“One of the most interesting jobs was at Quonset Air Base in North Kingstown. We did a deicing pad, deicing tanks, did the drainage, installed a 25,000-gallon holding tank. There was a cement pad we prepped. It was 220 feet by 240 feet,” said Skurka. “We did that all this summer. It was very challenging. The water table was at three feet and we had to dig down 24 feet.”

The general contractor for the Quonset Air Base job was Trac Builders of Providence, R.I.

“It was a pleasure to work with Trac owner Bill Tracey on this job,” said Skurka.

Another job, familiar to the thousands of drivers traveling Rt. 37 (Post Road) in Warwick, was at a noted car dealership, Balise Chevrolet.

“For the Balise work, we did 7 to 8 acres of their lot. We built the Chevrolet dealership building. We had to finish up the Nissan building, which was adjacent (started by another contractor),” said Skurka. “We ground up the parking lots, put up a 22,000-square-foot building. We did all the site work, drainage, water, sewer, curbing. We had to put up 80 light pole bases, over 10,000 feet of trenching.

“We did that job from April 13 through November 18. In the last stages, we put in retention ponds, drainage, spreading the entire loom.

“We did the whole nine yards,” said David Jr.

General contractor on the Balise Chevrolet work was New England Construction.

“If I could, I wanted to give special thanks to Jim Demas, facilities director for Balise. Every time there was a problem, we solved it together on site,” said Skurka.

“You can’t get to the Quonset site from the highway, but driving by the jobs we’ve done gives you a nice sense of pride, especially Balise,” said Skurka. “We get all sorts of people calling us and telling us, ’What a nice job.’ We picked up work from seeing that other work [at Balise].”

Two upcoming projects include installing a commercial septic system in the Westerly, R.I. area, and a drainage project in West Greenwich.

Friendships Forged

Many friendships like this have been forged along the way. One that has been terrific, Skurka said, is with Joe Pariseault of Pariseault Builders.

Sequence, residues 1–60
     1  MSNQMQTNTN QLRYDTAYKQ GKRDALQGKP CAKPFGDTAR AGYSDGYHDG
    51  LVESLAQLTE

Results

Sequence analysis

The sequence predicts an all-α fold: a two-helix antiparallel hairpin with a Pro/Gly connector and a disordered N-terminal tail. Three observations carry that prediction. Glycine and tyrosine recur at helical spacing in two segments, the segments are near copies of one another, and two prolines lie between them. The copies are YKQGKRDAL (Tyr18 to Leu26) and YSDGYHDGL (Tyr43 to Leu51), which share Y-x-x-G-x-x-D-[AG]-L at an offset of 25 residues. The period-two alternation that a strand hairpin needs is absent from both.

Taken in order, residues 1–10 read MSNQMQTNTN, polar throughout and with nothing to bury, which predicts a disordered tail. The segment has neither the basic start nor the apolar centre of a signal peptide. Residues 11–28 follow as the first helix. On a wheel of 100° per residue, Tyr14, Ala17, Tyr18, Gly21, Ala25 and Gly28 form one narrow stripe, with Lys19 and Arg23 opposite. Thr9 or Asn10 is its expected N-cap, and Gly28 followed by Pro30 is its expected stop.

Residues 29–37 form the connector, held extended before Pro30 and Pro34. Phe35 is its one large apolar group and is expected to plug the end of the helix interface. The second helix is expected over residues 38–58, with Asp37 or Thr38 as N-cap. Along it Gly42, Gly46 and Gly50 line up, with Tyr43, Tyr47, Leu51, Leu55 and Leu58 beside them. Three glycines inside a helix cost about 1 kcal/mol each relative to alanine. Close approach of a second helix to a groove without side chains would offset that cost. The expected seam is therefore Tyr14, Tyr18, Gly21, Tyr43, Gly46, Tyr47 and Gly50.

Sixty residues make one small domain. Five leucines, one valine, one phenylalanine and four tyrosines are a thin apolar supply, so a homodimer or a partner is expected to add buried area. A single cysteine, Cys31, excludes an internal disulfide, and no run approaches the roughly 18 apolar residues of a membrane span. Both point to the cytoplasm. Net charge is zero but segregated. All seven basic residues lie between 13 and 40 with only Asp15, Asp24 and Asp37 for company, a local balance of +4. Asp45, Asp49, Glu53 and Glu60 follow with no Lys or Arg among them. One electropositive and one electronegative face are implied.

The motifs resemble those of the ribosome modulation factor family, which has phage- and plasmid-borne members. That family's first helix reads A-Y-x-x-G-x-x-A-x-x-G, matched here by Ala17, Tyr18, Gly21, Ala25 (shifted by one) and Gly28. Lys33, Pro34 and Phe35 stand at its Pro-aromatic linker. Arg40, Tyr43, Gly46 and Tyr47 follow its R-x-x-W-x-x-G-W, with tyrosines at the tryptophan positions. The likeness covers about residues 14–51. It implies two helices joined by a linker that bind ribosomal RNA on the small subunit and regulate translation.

“Joe has helped out from day one,” said Skurka. “He’s been one of my best friends for 30 years. When I started out on my own, he was one of the first guys to help us, giving us our first two jobs.”

Such recommendations have started since Skurka set off on his own in January of last year. A former customer of his father’s offered him two lucrative contracts the very next day after he incorporated, beginning in March of that year.

“I might not have gone into this business if it wasn’t for my boys. It’s a hard career,” said Skurka. “I started this for them. I wanted them to have something, and I had so many contacts in the industry, There was also the inspiration of someone telling me I couldn’t do it,” said Skurka.

He commends his estimator/office manager Mark Hoffer for his diligence. A small family operation where he often subs for general contractors, Skurka hires local sub-contractors on larger jobs. One such sub, which he has worked with since they were teens, is Steve Magiera of Magiera Landscaping, also in West Warwick.

“We’ve known each other since we were kids. He’s helped us out through thick and thin,” Skurka said.

So have his sons, especially David, who began in the construction industry as a child, just like his Dad did.

“I ran a machine, a dirt roller, a whole summer when I was very young,” said David. “I’ve been doing it ever since.”

Jonathan helps out in summers and in extreme winters.

“We do a lot of snow plowing together, David, Jonathan and I, and we really enjoy that,” said Skurka.

Skurka also serves on the board of Utility Contractors of R.I. and Rhode Island Independent Contractor Associates (RIICA).

“We try to improve the working environment and keep up with all the rules and laws and regulations that are changing every day. We meet once a month and try to solve the world’s problems,” Skurka said.

Surprisingly, Skurka said the hardest part of his job is not long hours or meeting deadlines, or the physical labor, but paperwork.

“I hate it. Everything has to be checked and double checked and perfect and you have to have documentation for everything and that’s not my favorite thing to do. That’s my son David and Mark’s job. I’d rather just run the machines.”